More broadly, the portion of corporation tax receipts that does not appear to reflect domestic economic activity and stems from a relatively small number of firms continues to grow to an estimated €10bn per annum.2 Such revenues are subject to sudden change – for example due to potential shocks stemming from the evolving framework for global corporation tax or any re-adjustment of multi-national enterprise value chains – highlighting the risks of them forming part of permanent expenditure.

In this regard, the transfer of €6bn to the National Reserve Fund since Budget 2023 is a welcome development, and these resources provide the capacity to respond to future adverse shocks. In that context, as we approach the legislated asset ceiling of €8bn, different options should be considered around  the evolution of the fund in the future, both in terms of its size as well as its use.

Addressing infrastructure constraints that limit sustainable growth, while further supporting a transition to a more resilient economy remains important.  The public finances face increasing demands in this respect, most immediately in terms of addressing the infrastructure shortfall in housing, while the costs associated with the transition to net zero and the ageing of the population also need to be addressed. 

Funding core capital and current government expenditure from own resources, without recourse to additional debt funding, is more likely to reduce short and medium-term inflationary pressures.3  At the same time, appropriately using public finances and wider economic policy to enable sustainable private investment is essential if the challenges of housing, climate change, and population ageing are to be addressed fully.

Going forward, policy actions and frameworks that support sustainable growth in living standards over the longer term, especially in light of the risks and challenges I have just mentioned, remain crucial.  The recent Commission on Taxation and Welfare and the progress on agreeing reforms to the EU economic governance framework are noteworthy in this regard.  The Commission’s report sets out the need to adopt a net revenue-raising strategy over an appropriate timeframe through broadening the tax base to address fiscal sustainability challenges.  Alongside this, maintaining credible and meaningful benchmarks in EU and domestic frameworks to anchor fiscal policy is important, and an expenditure-based rule has benefits, especially when linked to the nominal trend growth rate of the economy.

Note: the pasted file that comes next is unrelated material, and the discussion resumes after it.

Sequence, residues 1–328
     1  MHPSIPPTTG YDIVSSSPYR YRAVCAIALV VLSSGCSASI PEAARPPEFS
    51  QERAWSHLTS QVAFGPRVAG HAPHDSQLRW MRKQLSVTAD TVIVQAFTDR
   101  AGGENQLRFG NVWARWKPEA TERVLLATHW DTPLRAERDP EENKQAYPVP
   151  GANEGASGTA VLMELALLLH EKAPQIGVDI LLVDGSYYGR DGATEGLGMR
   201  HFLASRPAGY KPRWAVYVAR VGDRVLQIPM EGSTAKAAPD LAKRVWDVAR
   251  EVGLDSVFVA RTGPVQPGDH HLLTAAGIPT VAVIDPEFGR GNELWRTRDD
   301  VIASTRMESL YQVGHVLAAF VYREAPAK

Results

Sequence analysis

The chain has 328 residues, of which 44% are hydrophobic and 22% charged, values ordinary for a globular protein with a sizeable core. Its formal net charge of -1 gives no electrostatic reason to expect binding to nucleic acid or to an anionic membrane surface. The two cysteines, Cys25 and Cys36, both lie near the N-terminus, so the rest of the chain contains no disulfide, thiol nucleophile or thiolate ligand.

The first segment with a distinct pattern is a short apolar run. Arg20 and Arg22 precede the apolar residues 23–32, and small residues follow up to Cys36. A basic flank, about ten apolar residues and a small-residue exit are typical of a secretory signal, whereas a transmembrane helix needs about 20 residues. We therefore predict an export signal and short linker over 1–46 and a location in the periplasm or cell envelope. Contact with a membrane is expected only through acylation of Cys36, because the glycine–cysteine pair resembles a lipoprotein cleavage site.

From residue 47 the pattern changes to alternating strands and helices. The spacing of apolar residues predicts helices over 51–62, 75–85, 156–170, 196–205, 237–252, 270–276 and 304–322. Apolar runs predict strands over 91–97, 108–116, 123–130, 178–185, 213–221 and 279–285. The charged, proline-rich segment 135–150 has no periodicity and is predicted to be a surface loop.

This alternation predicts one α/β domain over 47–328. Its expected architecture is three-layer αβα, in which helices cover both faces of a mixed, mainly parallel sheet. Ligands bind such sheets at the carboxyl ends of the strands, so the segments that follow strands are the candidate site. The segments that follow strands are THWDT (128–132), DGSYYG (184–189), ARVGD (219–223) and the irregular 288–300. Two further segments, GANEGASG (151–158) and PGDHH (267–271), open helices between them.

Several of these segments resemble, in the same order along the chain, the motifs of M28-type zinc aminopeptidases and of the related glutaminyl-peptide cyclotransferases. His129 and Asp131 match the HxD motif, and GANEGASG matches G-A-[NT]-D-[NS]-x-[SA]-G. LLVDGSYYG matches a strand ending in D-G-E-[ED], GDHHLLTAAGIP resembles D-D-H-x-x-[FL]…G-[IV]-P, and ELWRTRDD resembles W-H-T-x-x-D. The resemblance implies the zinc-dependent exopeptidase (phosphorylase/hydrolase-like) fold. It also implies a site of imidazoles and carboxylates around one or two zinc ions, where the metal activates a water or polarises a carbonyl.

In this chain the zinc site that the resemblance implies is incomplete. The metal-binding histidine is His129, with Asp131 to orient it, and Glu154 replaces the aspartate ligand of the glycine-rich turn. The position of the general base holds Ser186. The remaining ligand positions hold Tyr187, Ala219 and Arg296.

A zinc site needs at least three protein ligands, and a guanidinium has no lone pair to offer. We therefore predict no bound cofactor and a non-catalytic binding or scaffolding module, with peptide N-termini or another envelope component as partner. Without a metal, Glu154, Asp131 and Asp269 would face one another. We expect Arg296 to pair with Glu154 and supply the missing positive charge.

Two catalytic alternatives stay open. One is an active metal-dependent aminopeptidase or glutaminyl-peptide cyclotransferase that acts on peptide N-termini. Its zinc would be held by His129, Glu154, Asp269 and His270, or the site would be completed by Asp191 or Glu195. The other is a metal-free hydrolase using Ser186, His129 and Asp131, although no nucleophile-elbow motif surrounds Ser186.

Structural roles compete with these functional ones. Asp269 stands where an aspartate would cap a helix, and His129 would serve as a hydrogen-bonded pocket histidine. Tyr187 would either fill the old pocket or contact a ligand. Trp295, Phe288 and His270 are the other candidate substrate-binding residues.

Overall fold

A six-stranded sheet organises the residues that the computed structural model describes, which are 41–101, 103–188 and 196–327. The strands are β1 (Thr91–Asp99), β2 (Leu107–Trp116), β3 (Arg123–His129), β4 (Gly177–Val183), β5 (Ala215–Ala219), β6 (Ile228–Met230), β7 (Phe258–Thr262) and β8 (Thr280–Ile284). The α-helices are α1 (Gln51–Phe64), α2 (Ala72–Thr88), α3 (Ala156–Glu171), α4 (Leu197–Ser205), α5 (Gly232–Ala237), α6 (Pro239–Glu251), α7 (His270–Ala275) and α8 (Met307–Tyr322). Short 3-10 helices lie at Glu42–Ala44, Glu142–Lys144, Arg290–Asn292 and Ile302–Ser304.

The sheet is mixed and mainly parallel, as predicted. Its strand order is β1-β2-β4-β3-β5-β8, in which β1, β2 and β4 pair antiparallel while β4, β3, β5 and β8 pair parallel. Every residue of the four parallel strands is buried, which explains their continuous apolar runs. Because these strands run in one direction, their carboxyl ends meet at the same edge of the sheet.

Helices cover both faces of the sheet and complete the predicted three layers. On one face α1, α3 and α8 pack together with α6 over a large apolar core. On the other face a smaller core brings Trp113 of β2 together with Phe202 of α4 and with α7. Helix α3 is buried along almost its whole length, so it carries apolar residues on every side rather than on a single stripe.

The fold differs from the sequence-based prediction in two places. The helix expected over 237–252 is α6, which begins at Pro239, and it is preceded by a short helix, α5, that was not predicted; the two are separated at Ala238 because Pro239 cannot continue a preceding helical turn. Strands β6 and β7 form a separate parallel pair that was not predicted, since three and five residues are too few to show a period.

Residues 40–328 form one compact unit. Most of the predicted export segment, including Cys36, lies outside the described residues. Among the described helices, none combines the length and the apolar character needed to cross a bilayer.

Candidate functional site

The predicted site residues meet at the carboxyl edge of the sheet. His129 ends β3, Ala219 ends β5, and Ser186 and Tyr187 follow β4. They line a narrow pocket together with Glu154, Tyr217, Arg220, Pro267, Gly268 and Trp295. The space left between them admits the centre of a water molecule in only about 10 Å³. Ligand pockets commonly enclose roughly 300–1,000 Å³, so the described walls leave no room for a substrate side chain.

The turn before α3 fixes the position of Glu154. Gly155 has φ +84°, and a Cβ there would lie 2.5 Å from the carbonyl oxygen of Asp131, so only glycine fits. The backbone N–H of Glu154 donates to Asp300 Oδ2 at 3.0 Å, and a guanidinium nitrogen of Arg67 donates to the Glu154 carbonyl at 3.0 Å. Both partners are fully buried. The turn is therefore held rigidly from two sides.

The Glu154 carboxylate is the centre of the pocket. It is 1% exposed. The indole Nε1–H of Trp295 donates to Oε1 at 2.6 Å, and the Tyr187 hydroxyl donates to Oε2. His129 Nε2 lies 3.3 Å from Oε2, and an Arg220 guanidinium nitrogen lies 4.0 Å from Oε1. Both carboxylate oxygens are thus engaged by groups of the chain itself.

Concluding remarks

To conclude, the economy has proven resilient through a period of heightened uncertainty, in part reflecting the capacity for the public finances to operate in a countercyclical manner and provide support to households and firms in response to external shocks. To retain such capacity against future adverse shocks and to ensure sustainability, both now and into the future, careful management of the public finances in light of known and emerging priorities and challenges remains necessary.

1Monetary Policy Statement, March 2023.  

2Excluding such receipts, the GGB would have been in deficit to the equivalent of 1 per cent of GNI* last year.